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Minnesota National Guard
Field Training in Norway

The Minnesota National Guard contingent in Norway began their Field Training Exercise Feb 18 Soldiers left Haltdalen Training Center around 10:45 am and set off on their skies

"We had probably the worst possible conditions for skiing, unfortunately Because of that there were a few people who struggled a bit," said Maj Ola Kviteng, the Norwegian assistant officer in charge "The conditions will be getting better though, if the temperature drops like the forecast is calling for"

When the contingent set off from Haltdalen Training Center it was warm, about 34 degrees, and the snow was falling heavily Because of the temperature, the snow was sticking to the skies, which made it difficult for the conntingent to move and to balance Both of which quickly led to fatigue and made it difficult for the platoons to move at a steady pace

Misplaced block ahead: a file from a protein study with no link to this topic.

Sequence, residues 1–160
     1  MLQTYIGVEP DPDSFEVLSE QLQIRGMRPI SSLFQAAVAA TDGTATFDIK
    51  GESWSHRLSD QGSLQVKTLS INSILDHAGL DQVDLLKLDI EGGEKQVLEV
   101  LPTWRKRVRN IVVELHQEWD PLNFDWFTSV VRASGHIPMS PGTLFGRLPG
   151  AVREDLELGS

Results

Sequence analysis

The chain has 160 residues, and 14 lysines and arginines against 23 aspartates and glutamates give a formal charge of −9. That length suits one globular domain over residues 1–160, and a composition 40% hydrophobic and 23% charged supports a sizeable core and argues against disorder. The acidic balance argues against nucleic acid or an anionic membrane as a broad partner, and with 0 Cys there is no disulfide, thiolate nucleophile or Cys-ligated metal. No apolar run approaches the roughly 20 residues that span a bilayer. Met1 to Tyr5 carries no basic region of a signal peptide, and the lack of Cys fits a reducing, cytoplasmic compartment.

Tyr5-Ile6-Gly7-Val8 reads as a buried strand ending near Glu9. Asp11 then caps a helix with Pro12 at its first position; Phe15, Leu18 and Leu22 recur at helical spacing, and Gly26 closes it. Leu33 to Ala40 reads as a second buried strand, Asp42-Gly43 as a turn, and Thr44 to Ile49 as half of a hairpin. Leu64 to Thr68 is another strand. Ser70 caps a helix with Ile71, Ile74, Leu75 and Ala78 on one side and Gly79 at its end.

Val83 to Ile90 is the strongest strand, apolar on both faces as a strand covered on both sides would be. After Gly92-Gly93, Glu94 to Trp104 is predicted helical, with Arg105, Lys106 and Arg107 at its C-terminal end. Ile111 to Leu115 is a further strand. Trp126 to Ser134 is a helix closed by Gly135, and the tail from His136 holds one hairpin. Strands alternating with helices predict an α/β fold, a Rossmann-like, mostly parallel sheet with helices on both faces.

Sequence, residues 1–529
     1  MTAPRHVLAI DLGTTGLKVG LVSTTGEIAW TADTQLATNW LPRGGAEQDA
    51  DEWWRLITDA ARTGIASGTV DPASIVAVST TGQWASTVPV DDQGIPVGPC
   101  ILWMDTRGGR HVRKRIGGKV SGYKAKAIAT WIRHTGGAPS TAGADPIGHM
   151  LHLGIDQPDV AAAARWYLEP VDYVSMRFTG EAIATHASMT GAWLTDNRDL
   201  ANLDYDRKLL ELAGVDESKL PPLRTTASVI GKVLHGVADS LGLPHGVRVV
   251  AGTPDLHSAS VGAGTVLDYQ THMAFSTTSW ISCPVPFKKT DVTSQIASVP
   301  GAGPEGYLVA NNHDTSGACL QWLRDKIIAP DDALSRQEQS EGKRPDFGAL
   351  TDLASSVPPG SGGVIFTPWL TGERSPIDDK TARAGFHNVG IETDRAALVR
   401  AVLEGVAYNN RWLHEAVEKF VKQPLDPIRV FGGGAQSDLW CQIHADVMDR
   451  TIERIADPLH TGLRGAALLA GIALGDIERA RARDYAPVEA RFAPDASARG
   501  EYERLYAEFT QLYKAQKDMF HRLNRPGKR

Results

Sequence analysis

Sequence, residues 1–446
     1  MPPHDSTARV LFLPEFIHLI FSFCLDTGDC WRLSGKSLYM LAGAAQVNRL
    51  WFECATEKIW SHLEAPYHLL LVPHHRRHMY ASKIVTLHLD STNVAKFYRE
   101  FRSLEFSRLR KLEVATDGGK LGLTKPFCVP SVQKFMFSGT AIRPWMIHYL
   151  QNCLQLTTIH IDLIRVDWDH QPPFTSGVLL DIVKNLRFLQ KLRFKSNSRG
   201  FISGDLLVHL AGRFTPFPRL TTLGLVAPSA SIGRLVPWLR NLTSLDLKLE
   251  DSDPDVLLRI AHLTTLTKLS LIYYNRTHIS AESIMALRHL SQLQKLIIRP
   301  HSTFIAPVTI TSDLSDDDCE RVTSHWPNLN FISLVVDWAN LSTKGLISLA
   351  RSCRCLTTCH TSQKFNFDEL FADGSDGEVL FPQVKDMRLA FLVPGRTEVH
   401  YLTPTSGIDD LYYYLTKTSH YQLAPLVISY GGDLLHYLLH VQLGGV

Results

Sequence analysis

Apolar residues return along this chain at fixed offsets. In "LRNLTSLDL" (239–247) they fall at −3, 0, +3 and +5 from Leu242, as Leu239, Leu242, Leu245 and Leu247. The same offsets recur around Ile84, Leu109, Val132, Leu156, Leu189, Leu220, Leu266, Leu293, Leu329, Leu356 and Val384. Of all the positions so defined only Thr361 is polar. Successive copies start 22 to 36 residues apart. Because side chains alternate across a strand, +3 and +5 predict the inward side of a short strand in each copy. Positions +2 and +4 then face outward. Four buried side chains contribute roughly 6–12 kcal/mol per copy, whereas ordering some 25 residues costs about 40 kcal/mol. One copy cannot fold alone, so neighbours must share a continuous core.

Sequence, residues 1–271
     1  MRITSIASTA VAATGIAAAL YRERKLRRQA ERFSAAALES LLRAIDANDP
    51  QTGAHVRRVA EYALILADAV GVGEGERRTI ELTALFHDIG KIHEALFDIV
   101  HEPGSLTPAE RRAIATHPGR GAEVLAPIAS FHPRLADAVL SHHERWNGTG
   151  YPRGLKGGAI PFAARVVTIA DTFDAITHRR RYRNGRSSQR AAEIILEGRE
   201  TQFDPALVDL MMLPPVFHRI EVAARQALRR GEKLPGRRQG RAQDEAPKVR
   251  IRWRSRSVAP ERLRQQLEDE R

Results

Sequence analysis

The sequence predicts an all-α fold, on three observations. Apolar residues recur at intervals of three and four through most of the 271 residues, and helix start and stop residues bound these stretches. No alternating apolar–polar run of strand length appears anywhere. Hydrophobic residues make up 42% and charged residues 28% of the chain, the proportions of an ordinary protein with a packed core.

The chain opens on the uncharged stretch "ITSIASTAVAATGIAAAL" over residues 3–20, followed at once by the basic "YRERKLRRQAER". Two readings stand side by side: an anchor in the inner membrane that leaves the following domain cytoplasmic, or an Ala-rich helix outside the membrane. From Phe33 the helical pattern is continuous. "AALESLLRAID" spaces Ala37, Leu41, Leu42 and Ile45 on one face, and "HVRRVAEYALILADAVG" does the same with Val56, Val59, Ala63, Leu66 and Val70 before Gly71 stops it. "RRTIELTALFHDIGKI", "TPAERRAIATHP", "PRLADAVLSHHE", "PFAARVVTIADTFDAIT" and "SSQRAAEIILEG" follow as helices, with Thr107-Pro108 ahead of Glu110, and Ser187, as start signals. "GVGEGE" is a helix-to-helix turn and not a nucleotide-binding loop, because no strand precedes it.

It was about three kilometers to ski from Haltdalen Training Center to the site where the contingent would set up their camp from the next two nights

Each platoon was responsible for setting up their tents The platoons were broken down into three squads and each squad had their own tent The tents are designed to sleep about ten people and came equipped with a heater

The platoons were also given instructions by their Norwegian trainers on how they could improve their camp sites by making the site more weather proof

After the platoons finished, the sites looked more like snow forts than tent sites

"Everyone is having a great time," said 1st Lt Niels Gott, the 3rd platoon leader

Feb 19 will be day two of the Field Training Exercise The Norwegian Instructors will be training the Soldiers and Airmen on building lean-tos, preparing food in the field over an open fire, starting fires, snaring animals and reacting to an avalanche

18 February 2007
By Staff Sgt Kenneth R Toole


The Norwegian Exchange Program



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Governor Mark Dayton installs new Minnesota National Guard Adjutant General